Perhaps the instinct to divide beer into two categories comes from wine, which is always divided into red and white. The thing about red vs. white wine is that it’s an easy distinction, even for beginners, and these categories inform glassware selection, food pairing, and personal preference. Most wine menus list their wines in these categories.
The issue with dividing beer into ales and lagers is that it doesn’t inform personal preference. Some people indeed prefer lagers, but these people are usually referring to golden lagers, which are just one of many lager expressions. It’s much more common to hear people ask, “What do you have that’s hoppy?” or “Do you have any dark beers?” rather than, “Which ales do you have?”
There’s a reason we don’t see this division on menus; it’s not useful. And, yet, we still talk about these two categories as if they’re critical to beer enjoyment. Why not create a few more categories that better reflect the overall flavor profiles of beer?
Without any accepted beer categories, menus are a hodgepodge. Some divide by bottle vs. draught, some by region, some by mood or key descriptor, and some not at all. Wouldn’t it be great if there were standard categories, like the ones used in wine, that would allow drinkers to quickly identify which beers they might like? When I was writing my book, I spent a lot of time thinking about which categories might be useful and landed on four that work well: Refreshing, Mellow, Striking and Captivating.
If you check out the CraftBeer.com Beer Style Guide, you’ll see it offers six similar sensory categories, like Sour, Tart & Funky, Crisp & Clean and Dark & Roasty. These types of categories reflect what a drinker might be in the mood for and serve as a more informative guide than simply ales vs. lagers.
Examining How to Talk About Beer and Food Pairing
Another area I propose we re-examine is how we talk about beer and food pairing. In this area, there are a lot of different theories and approaches but the one that comes up the most is cut, complement or contrast. This is likely an expansion of the common “complement or contrast” theory used for food pairing with wine. The idea is that you can pair a wine with food that has similar traits (complement) or use a food item or ingredient that completes the wine by adding a taste or quality that is not present in the wine (contrast).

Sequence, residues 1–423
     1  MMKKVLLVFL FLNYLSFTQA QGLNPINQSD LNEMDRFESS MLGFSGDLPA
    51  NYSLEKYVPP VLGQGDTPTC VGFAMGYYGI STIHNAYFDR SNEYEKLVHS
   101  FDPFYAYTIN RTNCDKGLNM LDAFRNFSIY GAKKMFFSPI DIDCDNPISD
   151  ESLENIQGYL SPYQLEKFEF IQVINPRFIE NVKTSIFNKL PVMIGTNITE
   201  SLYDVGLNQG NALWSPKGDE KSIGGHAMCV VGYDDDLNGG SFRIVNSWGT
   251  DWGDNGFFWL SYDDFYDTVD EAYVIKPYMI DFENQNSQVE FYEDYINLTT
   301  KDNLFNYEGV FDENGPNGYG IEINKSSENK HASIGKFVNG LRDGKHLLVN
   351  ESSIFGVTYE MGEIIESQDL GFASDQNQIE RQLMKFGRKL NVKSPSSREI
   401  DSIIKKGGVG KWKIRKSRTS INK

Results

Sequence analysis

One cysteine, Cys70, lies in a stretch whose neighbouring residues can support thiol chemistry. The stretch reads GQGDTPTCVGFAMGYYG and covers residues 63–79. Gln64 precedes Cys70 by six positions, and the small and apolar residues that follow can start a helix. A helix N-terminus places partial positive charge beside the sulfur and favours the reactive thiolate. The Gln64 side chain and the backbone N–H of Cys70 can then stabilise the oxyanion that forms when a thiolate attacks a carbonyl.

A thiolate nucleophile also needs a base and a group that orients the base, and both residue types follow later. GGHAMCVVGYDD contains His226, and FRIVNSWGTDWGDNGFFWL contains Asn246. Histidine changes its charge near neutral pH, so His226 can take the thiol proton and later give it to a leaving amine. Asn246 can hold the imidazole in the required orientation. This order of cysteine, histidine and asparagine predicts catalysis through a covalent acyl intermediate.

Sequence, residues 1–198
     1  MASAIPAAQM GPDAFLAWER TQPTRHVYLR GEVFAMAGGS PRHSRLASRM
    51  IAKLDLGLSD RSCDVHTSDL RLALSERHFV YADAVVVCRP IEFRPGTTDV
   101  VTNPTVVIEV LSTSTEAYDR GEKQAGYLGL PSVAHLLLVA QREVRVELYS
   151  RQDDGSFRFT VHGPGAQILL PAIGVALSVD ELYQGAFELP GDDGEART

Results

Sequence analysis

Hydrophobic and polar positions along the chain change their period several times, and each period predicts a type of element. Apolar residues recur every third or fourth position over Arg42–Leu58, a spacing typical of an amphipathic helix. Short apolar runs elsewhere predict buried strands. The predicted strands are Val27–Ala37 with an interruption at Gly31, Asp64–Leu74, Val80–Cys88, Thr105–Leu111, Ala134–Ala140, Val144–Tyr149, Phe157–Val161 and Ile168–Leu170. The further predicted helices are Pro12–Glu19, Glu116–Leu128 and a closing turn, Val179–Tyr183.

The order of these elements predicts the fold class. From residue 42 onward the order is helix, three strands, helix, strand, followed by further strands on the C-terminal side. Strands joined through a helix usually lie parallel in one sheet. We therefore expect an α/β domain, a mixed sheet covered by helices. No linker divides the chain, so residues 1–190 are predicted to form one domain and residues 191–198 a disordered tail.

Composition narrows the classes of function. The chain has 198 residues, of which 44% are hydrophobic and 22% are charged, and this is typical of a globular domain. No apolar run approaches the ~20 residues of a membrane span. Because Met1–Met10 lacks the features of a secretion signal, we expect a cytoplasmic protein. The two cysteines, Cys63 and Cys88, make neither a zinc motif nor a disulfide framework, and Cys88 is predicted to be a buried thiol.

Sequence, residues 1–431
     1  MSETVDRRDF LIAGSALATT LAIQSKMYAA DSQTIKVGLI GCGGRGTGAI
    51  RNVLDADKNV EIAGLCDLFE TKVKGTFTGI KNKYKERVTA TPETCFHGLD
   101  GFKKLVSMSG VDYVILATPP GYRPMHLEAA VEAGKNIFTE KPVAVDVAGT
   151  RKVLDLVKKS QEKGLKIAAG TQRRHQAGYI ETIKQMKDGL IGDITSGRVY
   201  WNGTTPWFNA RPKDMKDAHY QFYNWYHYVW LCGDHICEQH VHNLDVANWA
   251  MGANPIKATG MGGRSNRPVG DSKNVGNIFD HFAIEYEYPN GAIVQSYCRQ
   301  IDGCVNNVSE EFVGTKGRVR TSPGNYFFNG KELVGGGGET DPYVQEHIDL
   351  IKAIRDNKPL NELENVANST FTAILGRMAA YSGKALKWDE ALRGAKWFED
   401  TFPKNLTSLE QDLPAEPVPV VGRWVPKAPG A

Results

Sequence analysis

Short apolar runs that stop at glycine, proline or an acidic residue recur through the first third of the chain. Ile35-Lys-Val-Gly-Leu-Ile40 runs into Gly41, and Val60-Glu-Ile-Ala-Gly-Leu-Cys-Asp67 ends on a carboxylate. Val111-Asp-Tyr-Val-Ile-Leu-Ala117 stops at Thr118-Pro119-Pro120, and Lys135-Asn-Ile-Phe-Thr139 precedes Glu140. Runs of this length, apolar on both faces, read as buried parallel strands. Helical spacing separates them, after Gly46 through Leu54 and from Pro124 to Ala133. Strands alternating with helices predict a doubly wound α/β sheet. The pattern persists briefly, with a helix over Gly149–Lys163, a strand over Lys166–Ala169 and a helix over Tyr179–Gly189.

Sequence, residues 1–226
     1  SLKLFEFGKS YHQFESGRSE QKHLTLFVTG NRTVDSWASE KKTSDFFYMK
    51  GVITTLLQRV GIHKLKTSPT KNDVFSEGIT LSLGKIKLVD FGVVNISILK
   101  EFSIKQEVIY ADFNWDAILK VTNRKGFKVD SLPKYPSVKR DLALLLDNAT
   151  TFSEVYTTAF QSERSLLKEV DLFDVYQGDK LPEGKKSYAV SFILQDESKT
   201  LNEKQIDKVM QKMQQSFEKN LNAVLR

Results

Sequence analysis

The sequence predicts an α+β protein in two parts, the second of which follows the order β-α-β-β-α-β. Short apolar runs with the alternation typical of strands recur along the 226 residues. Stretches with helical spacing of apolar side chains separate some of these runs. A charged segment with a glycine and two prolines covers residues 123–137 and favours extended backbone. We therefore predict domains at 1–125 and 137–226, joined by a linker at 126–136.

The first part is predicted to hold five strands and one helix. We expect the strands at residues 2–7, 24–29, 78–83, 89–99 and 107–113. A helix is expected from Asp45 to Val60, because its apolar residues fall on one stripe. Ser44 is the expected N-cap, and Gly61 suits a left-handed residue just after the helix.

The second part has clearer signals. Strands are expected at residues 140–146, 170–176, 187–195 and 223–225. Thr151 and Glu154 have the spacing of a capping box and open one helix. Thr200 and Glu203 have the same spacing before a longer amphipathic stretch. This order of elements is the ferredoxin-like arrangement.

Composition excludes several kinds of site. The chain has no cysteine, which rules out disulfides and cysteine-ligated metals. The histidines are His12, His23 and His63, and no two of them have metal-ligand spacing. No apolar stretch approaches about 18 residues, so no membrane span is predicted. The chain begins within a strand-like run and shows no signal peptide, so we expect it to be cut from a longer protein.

(More: Beer and Food Pairing Guide)
The issue in transferring this theory to beer is that beer has a much wider spectrum of tastes and flavors. Wine relies, for the most part on a balance of alcohol, acidity, tannins and sweetness. Beer, however, can have any of a combination of tastes, including those listed for wine, as well as bitterness, salt and umami, and a much broader range of flavors. The “cut, complement or contrast” approach oversimplifies the large potential there is for flavor interactions.
Again, in an attempt to keep things simple, the guidance can cause confusion. Cut, complement and contrast are easy to explain and can result in solid pairings. They can, however, backfire horribly as they only take into account a narrow slice of the beer’s flavor profile. These three techniques work best when they are used together. This combined method is one of many approaches to food pairing.
As with beer categorization, food pairing is an area that has inspired a lot of theories and techniques. So much so that it’s easy to get lost in all of the different instructions. Again, this will be a process of trial and error, finding a system that is both effective and easy to explain.
The craft beer landscape has evolved so much since its inception. We now have access to an unending variety of beer styles and flavors to enjoy and share. Beer is a complex beverage and our responsibility as beer lovers is to communicate its many qualities as simply and as accurately as possible.
The more we hone the way we communicate beer basics, the more people we can welcome to the delicious world of craft beer appreciation. This isn’t a change that will occur overnight, but rather an evolution. Through experimentation and critical problem solving, I’m confident we can settle on a new way to talk about beer basics. Let’s start exploring possibilities!